The African Swine Fever (ASF) already resulted in billions of losses to the local hog industry since it was first detected here in 2019, but local hog raisers are yet to see sincere and effective rehabilitation efforts on the part of the government.

In a statement, Kilusang Magbubukid ng Pilipinas (KMP) said the Department of Agriculture (DA) has remained “insincere” when it comes to addressing the ASF issue.

KMP’s accusation towards DA is based on the latter’s proposals to increase the country’s pork importation through higher minimum access volume (MAV) allocation and lower tariff.

Instead of this, KMP said Congress must earmark at least P5 billion for the rehabilitation of the local hog and chicken industries.

“It is more than obvious now that the DA’s rehabilitation of the hog industry is only for show. Its ultimate objective is to deluge the local market with imported pork at the expense of local hog raisers, farmers, and consumers,” KMP Chairperson Rafael Mariano said.

“Over importation will seal the coffin of the dying domestic hog industry that has registered more than P56-billion in losses since ASF struck. Malacanang must stop using food security and pork supply stabilization as excuses to implement excessive pork importation,” he added.  

Post-Holy Week, consumers have noticed an average of P30 to 40 per kilogram (/kg) increase for kasim and liempo, or almost P400/kg in many markets in Metro Manila and nearby areas. 

This is despite the enforced price ceiling of P270 per kilo for kasim and P300 per kilo for liempo. The 60-

day price ceiling imposed by the DA will end tomorrow, April 8.  

Based on KMP’s estimates, increasing the MAV for pork imports by 350,000 MT from the current 54,210 MT to 404,210 MT is equivalent to a staggering 645 percent hike.

Except for chicken, duck, and lamb, all other meat imports including pork, increased for the first quarter this year or a 21-percent increase or equivalent to 243,108.89 MT.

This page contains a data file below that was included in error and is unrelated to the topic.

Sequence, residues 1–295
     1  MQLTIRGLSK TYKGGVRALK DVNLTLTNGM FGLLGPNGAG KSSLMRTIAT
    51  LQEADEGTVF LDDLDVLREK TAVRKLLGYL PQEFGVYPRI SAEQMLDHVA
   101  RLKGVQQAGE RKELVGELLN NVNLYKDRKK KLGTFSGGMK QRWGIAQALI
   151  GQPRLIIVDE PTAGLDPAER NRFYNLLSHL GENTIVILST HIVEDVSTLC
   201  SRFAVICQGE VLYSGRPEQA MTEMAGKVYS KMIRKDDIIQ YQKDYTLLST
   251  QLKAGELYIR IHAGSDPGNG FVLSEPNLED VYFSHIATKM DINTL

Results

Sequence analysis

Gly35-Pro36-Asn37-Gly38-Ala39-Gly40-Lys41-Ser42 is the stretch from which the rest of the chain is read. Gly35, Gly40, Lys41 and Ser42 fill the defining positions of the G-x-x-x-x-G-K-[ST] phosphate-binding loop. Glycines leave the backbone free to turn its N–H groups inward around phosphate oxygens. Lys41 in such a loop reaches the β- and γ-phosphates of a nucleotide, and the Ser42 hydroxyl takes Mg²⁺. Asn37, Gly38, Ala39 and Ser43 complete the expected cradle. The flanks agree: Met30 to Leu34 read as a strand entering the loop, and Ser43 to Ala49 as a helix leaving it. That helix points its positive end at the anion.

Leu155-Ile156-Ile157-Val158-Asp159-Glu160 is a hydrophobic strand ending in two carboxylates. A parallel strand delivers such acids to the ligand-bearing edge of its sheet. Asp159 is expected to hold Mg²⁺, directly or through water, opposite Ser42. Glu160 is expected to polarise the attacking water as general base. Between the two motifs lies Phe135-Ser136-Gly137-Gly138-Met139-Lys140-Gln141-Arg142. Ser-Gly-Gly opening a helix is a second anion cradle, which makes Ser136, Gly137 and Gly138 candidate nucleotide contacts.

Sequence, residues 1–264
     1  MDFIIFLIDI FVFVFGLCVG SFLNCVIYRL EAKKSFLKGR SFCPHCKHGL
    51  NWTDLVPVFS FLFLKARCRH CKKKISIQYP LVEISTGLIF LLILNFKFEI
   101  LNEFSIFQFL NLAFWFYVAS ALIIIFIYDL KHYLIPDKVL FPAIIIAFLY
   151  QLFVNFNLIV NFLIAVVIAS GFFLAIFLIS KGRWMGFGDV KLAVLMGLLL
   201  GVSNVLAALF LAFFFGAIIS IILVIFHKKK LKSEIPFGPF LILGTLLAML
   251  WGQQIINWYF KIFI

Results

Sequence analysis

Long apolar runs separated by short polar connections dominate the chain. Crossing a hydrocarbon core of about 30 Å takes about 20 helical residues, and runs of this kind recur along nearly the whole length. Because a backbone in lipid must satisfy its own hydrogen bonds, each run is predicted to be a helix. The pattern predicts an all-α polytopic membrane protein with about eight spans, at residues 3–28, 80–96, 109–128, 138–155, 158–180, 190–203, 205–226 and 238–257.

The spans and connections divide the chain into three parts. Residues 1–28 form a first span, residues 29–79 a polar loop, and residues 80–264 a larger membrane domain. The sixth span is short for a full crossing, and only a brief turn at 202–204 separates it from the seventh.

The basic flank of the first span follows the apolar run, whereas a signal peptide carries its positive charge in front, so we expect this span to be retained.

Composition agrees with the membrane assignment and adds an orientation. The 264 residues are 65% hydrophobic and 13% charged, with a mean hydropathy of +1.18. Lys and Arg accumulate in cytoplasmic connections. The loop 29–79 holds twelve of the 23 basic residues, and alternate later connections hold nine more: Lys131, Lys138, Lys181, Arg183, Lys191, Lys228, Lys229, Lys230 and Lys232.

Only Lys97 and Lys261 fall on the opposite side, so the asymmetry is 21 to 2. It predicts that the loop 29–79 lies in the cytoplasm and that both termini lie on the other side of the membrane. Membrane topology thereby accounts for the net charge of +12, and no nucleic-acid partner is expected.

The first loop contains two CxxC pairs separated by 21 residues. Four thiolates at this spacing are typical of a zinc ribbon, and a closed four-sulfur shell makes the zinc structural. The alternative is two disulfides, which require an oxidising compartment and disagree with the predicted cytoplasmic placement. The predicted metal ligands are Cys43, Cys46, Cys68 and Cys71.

Pork imports for the first quarter of the year totaled 110,419.40 MT or an increase of 150.7 percent from the same period last year.

It was in early March when Malacanang said President Duterte ordered Congress to approve the expansion of MAV allocation for pork imports.

At the same time, the economic cluster is pushing for the reduction in quota tariffs for pork imports from 30 percent to 5 percent. 

KMP said the MAV increase and pork import tariff reduction are “double-whammy” to the hog industry, while other industry groups said they will end up “double dead” once these proposals are carried.

In lieu of increasing the MAV, livestock stakeholders are asking the government to stop the over-importation of pork products; provide sufficient aid and economic relief for ASF-affected hog raisers; distribute production subsidies worth P15,000 for farmers and food producers; among others.

As this happens, Agriculture Secretary William Dar announced that the DA, through the Philippine Crop Insurance Corporation (PCIC), is increasing its indemnity for hogs culled due to ASF. 

“Through the PCIC insurance program, we are doubling the indemnification payout for every pig that contracts ASF from P5,000 to P10,000. With the increased indemnity, hog raisers are encouraged to report affected pigs, thus controlling the ASF from spreading,” the DA chief said.

PCIC President Jovy Bernabe explained that the swine insurance program is a relaxed version of the agency’s regular livestock insurance program, offering free premium payments for backyard raisers and discounted premium for commercial hog raisers, and increased indemnity payments for culled hogs.

For backyard swine raisers, the subsidy will be 100 percent of the premium cost, provided they are listed in the Registry System for Basic Sectors in Agriculture (RSBSA), while for commercial swine raisers, the premium subsidy will be discounted.

For backyard farmers, PCIC provides 1.75 percent premium for fatteners and 3.5 percent for breeders, which are waived as free. Commercial farmers pay the same premium rates, discounted from the regular rates of 2.25 percent and 4 percent, for their stocks to be covered.

Bernabe added that the insurance covers P10,000 per head for fatteners, P14,500 per head for breeders, and P34,000 per head for parent stocks.

Source: Manila Bulletin (